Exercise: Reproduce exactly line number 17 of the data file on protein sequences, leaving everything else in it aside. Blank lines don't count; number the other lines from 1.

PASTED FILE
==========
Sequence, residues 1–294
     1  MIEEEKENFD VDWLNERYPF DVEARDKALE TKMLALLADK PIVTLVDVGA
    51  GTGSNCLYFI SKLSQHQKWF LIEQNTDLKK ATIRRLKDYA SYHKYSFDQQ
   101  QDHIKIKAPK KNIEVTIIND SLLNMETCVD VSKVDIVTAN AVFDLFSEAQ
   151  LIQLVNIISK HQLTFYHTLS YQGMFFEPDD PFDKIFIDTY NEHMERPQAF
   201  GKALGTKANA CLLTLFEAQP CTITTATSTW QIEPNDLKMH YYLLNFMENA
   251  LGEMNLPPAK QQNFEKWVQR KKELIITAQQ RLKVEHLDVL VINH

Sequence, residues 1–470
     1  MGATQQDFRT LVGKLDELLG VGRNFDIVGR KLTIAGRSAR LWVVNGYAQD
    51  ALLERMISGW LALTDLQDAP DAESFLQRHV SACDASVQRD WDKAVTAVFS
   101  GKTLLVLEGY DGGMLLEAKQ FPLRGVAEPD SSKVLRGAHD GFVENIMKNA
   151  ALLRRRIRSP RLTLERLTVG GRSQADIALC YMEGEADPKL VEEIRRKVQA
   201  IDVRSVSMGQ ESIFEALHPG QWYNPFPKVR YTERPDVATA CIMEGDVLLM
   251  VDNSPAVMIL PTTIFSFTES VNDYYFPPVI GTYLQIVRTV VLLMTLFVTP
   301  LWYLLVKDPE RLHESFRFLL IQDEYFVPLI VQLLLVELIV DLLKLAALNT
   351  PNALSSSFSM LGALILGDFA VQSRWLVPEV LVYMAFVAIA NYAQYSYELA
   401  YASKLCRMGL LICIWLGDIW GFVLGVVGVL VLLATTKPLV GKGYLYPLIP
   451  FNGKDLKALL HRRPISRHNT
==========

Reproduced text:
   401  YASKLCRMGL LICIWLGDIW GFVLGVVGVL VLLATTKPLV GKGYLYPLIP